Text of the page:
Small-scale producers face significant financial and production risks which can be managed in part by careful diversification into new enterprises, including agritourism. However, agritourism enterprises also involve new financial, price, legal and social risks that must be understood and managed. The University of California Small Farm Program, funded by the Western Center for Risk Management Education, offered a series of three workshops in two different regions of California to teach producers risk management strategies for new agritourism enterprises or for developing existing agritourism businesses. More than half of the workshop participants were women, which is not surprising as women often take a primary role in the management of agritourism enterprises. A major goal of the project was to connect each participating producer with a supportive local network of agritourism advisors and peers.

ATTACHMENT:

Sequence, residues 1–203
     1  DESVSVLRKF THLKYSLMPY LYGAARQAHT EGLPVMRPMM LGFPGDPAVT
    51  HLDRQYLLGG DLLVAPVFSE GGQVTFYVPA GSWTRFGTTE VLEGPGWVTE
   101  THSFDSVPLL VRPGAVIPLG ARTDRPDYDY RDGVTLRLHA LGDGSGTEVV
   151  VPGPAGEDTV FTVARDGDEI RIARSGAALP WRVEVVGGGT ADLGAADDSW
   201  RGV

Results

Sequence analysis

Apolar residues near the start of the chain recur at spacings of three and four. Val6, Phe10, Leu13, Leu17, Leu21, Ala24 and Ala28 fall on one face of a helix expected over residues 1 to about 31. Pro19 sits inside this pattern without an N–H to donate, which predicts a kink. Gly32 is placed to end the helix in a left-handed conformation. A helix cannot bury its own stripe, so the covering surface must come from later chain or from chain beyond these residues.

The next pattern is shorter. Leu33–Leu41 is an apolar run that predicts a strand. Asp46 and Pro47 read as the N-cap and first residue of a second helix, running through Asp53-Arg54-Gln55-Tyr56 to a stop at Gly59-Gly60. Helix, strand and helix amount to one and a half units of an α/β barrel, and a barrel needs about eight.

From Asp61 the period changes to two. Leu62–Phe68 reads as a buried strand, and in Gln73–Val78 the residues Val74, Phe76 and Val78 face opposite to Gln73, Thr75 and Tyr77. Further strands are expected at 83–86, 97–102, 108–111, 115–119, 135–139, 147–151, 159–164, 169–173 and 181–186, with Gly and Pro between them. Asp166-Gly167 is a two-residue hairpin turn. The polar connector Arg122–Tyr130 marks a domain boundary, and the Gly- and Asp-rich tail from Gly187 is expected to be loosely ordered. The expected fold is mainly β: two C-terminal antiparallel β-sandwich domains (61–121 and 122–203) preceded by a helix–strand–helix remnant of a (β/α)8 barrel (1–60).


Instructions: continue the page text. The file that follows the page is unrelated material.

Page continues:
This project used presentations by local experienced agritourism operators and other experts, individual and small-group exercises, readings and homework assignments to lead participants through evaluating possible enterprises, understanding risks, assessing the potential of their own farms or ranches, creating business, marketing and risk management plans, and initiating the implementation of those plans to reduce the risks of their new enterprises.
This concurrent session presentation will share the process of forming local planning teams, selection of local presenters, the use of hands-on exercises and small group discussions to encourage active participation, the challenges and successes of developing mentoring relationships, and some of the resulting plans for new agritourism enterprises and changes made to reduce risk in existing agritourism enterprises.
|Conference||2012 Women in Agriculture Educators National Conference|
|Presentation Type||30-Minute Concurrent|